Drusilla McMeans and her children claim ownership of a female slave and her six children. Becky was bequeathed to Drusilla by her father Rheuben Allen as a life estate. In his will, dated 5 March 1812, Allen gave "one negro woman with her increase named Becky which negro has heretofore been loaned to my daughter Drusilla to be hers during her natural life and after her death to be equally divided between her children the heirs of her body." Because Drusilla "was at the time of the said bequeath covert of Isaac McMeans," her husband took possession of the slaves when Allen died. The McMeans family moved to Alabama, taking with them Becky and children. The petitioners state that at present Isaac McMeans is "much involved in debt and that he is probably wholly insolvent." They point out that his creditors have obtained judgments against him, and "have levied an execution on all the said Negroes slaves and will proceed to sell the same unless restrained by the injunction of Your Honor." The petitioners insist that "the said Negroes are the seperate property of your Oratrix Drusilla and after her death of your other Orators jointly," yet the defendants pretend that the terms of the will stipulate that Isaac McMeans has a vested interest in the slaves. The petitioners therefore seek an injunction to prevent a sale of the slaves and ask that Hubbell Pierce be appointed as trustee. They also pray that the court will award a writ of subpoena directing the defendants to answer the bill of complaint. In her amended petition, Drusilla McMeans informs the court that she and her husband had in fact made a gift of the slaves to their children before the husband got involved in debt.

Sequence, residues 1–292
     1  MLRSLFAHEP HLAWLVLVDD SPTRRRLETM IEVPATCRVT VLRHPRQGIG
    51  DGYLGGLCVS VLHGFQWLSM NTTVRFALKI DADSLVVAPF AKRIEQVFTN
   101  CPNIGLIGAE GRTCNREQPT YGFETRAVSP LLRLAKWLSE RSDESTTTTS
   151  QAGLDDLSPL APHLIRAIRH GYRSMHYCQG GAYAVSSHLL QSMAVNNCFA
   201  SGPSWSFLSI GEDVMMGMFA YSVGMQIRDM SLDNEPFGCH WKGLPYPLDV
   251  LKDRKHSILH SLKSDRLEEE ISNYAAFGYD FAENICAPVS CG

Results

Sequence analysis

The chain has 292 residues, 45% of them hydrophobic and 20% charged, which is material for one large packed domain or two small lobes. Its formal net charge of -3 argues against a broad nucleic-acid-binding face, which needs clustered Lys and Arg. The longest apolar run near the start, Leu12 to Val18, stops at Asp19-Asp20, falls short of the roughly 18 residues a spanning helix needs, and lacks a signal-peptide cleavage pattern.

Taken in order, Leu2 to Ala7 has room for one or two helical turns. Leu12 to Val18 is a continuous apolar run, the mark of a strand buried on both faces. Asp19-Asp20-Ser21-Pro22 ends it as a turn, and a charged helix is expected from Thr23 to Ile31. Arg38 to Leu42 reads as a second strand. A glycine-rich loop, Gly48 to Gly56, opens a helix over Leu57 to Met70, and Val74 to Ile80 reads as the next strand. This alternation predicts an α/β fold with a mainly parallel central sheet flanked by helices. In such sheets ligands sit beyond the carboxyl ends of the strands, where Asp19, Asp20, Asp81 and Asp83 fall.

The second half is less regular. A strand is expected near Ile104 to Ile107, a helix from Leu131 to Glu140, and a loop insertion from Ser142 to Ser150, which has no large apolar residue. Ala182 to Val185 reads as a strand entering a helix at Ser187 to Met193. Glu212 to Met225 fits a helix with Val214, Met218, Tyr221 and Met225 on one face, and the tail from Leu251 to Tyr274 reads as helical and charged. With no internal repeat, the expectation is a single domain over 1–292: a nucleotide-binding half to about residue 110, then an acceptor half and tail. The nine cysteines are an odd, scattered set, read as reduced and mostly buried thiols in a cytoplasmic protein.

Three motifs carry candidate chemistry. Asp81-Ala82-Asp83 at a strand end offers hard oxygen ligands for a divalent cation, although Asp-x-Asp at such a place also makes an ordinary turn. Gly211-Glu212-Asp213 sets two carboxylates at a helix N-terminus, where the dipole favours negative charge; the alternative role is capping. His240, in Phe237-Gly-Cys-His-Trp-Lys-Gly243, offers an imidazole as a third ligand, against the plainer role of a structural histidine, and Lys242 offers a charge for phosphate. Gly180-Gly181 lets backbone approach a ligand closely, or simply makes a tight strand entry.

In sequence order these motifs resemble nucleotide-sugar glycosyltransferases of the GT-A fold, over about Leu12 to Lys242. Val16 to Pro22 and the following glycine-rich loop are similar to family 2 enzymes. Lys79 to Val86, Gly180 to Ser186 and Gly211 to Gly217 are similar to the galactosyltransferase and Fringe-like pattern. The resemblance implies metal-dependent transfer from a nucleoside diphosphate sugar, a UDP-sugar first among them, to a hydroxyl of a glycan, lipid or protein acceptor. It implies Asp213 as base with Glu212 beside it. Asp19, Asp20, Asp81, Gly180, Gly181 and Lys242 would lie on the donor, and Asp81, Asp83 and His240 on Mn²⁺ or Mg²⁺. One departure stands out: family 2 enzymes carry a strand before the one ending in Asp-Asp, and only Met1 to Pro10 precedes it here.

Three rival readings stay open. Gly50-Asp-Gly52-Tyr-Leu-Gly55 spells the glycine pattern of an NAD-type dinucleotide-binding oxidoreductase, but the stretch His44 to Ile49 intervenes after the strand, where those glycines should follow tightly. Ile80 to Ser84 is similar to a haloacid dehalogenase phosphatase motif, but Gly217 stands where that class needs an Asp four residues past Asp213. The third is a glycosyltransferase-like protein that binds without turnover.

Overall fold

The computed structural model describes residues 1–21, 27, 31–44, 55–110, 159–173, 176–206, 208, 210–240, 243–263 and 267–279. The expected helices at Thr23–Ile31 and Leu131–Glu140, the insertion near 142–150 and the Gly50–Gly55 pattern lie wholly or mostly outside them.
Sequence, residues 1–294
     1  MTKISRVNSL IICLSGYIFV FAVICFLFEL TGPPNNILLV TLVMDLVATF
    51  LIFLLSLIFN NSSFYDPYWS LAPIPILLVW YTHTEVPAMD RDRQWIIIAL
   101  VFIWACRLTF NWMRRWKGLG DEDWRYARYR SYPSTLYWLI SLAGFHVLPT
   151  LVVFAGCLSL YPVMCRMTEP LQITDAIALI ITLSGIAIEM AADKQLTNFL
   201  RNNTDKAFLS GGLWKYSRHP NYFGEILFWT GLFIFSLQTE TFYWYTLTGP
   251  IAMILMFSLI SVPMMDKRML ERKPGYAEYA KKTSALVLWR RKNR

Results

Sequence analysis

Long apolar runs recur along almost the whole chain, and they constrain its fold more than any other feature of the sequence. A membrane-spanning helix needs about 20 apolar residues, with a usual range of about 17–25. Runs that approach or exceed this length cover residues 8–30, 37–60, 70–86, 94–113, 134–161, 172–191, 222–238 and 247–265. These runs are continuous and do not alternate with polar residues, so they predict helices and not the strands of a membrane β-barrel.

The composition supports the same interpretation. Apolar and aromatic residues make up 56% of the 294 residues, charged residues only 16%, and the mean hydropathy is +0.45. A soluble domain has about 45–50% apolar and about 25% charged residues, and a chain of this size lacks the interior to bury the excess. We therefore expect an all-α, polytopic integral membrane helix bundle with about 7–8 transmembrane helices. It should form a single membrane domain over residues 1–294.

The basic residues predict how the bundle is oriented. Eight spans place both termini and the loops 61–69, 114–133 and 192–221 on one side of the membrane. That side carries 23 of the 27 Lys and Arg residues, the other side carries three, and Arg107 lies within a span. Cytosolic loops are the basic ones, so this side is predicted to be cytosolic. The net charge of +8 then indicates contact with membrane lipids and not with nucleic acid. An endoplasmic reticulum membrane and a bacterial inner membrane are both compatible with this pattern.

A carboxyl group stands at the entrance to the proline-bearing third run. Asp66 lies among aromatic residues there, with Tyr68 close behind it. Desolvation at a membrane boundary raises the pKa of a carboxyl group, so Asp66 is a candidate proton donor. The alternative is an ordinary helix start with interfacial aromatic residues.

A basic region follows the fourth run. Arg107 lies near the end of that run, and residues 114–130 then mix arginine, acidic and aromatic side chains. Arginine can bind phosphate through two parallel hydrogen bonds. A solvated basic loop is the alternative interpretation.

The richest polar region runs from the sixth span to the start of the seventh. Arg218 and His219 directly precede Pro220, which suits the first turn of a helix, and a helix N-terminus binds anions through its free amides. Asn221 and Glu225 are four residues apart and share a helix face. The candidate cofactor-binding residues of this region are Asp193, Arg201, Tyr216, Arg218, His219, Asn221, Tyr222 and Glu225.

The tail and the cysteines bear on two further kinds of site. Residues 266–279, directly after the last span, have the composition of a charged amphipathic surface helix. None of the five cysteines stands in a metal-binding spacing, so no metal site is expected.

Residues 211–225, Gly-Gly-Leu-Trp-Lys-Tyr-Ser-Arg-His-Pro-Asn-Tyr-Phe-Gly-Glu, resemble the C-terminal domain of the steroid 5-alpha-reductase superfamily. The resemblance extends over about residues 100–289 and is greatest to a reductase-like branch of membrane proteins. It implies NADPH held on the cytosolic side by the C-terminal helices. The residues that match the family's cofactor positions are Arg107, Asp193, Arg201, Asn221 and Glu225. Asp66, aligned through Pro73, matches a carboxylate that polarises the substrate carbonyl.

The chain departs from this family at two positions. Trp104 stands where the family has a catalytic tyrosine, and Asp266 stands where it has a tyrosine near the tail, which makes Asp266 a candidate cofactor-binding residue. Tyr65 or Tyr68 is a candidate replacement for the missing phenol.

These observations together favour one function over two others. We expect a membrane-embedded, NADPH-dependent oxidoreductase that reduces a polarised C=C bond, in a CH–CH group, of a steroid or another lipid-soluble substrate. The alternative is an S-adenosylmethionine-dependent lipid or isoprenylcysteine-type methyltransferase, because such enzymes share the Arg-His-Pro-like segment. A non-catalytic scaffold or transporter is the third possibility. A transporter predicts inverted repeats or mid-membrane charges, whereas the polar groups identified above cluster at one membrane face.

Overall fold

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Repository: Talladega County Judicial Building, Talladega, Alabama